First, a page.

Item 7: Connect with another person who is participating in the challenge and discuss what you have learned so far; commit to putting one change into practice (Conversation, 15min)


  • What change will you put into practice?

Item 8: Read perspective on how medical education is missing the bullseye on visual learning equity (Reading, 10min)

Learn some practical applications for your lecture materials by visual equity resource guide created by Pitt Med Student, Jordan Lamb on visual learning equity (Reading, 10min)


  • Reflect on your last slide set; did it have visual learning equity?
  • Which resource for online images will you add to your armamentarium?

Item 9:  Consider the experience of students who identify as LGBTQ, learn about the perception of the medical school learning environment (Read abstract, 5mins) 

How can we foster belonging for students who are LGBTQIA+? Read section 3 on classroom culture; pages 22 -24 (Reading, 10min)


GOOD ALLIES BEGIN WITH SELF-REFLECTION. Being an effective LGBTQ ally requires significant self-reflection and a strong sense of one’s own relationship with gender identity and sexual orientation.

Take time to consider these questions:

  • What messages did I learn about sexual orientation or gender growing up?
  • Did I ever feel pressure to conform to cultural expectations related to my gender?
  • Did I ever judge others for not conforming to these cultural norms? If so, where did these beliefs or judgments originate?
  • What messages—both implicit and explicit— do I convey to my students about sexual orientation or gender?

Item 10: Watch video on faculty response to being “called out” (video, 16mins)


  • What is your response to being called out?
  • How do you set an environment that allows all members of the team to “call out”

Item 11: Learn about how having a disability does not mean inability (Video, 3min)  

Read some salient tips for teaching students with disabilities – teaching for inclusion (reading, 15min)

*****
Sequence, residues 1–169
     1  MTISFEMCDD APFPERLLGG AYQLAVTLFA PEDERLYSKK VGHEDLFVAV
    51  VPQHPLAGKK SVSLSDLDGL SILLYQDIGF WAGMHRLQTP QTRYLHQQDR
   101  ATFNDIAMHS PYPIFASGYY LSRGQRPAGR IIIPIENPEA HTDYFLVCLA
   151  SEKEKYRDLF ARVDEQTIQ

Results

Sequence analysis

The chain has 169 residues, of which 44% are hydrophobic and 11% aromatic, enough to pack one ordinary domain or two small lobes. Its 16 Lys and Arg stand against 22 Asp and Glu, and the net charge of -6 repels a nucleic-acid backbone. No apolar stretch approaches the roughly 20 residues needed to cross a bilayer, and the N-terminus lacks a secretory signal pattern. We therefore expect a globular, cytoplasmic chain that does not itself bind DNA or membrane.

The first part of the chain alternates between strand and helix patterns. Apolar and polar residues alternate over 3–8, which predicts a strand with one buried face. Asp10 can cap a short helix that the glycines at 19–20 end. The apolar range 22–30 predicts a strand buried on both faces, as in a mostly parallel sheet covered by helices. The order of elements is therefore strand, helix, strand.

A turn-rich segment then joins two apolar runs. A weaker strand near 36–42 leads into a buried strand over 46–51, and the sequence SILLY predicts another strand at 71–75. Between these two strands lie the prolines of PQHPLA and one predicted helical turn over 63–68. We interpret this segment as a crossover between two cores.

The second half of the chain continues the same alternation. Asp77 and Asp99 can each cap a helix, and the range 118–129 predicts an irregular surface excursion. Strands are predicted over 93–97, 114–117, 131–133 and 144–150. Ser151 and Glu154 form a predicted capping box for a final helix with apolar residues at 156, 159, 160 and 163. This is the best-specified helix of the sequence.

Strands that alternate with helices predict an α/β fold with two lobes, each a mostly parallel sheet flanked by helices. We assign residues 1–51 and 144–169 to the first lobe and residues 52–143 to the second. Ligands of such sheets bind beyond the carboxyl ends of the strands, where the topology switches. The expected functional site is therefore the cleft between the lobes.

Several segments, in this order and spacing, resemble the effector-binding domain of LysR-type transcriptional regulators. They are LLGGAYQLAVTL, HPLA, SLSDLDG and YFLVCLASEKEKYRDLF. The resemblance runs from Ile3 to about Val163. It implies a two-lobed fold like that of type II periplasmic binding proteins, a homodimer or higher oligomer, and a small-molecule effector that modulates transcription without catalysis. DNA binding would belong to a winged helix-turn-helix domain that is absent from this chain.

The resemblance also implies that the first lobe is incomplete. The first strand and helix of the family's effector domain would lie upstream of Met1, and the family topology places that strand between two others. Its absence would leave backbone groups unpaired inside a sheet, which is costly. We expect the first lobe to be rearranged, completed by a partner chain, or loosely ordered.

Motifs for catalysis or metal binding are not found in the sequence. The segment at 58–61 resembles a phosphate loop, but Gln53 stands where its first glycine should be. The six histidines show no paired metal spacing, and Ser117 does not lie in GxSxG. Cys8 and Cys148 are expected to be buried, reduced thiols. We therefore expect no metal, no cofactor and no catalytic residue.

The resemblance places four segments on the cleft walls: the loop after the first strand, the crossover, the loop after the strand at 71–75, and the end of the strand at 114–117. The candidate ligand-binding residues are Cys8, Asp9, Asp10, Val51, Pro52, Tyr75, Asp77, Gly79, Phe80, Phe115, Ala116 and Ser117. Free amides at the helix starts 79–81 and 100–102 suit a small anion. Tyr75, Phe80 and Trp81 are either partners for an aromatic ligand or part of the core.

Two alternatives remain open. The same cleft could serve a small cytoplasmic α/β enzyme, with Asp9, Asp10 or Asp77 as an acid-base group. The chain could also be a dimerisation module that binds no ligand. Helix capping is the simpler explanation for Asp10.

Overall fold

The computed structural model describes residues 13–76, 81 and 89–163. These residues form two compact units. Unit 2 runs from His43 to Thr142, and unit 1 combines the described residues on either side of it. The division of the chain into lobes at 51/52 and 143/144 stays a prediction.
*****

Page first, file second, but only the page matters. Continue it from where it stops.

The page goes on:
• Reflect on your education and training, have you learned ableist perspectives?
  • Are there accessibility barriers in your teaching environment? for learners working with you? What can you do to mitigate these?
  • What is one way that you can make your teaching more inclusive for learners with disabilities

Item 12: Evaluate your competency in the Domain of Inclusion.  In 2021, the AAAM put forth a set of competencies for Diversity, Equity and Inclusion across the educational continuum. Review the tips for learning environment : Domain III inclusion 


  • Where do you think you stand in the developmental continuum?
  • Have you met the competencies delineated for faculty? What’s your next goal?

Item 13: Read Antiracism Curricular Guide. Meant to increase attention to the way we portray race in medical education, as well as to critically consider the impacts of race based medicine on equity in clinical care


  • What is one thing you already knew/do?
  • What is one thing you will incorporate?

Item 14: Utilize a structural differential in clinical reasoning. The structural differential aims to reframe behaviors and disease as downstream implications of upstream decisions about structures and social systems. This enables clinicians to think critically about how policies impact care at the bedside, and helps to unlearn some of the hidden curriculum in medicine. The hidden curriculum can impact learners’ feelings of belonging.  

Item 15: Listen to this podcast which shares the importance of recognizing the whole person who we might teach, mentor, or work with.  RIMA Module 11 Teaser 


  • What struck you in the narratives presented?
  • How will you honor the personhood in the learners that you encounter?

To Complete the challenge: Reflect and commit to 3 changes you will incorporate in your teaching.  Complete survey here to describe your experience with the challenge, as well as to be entered for the raffle.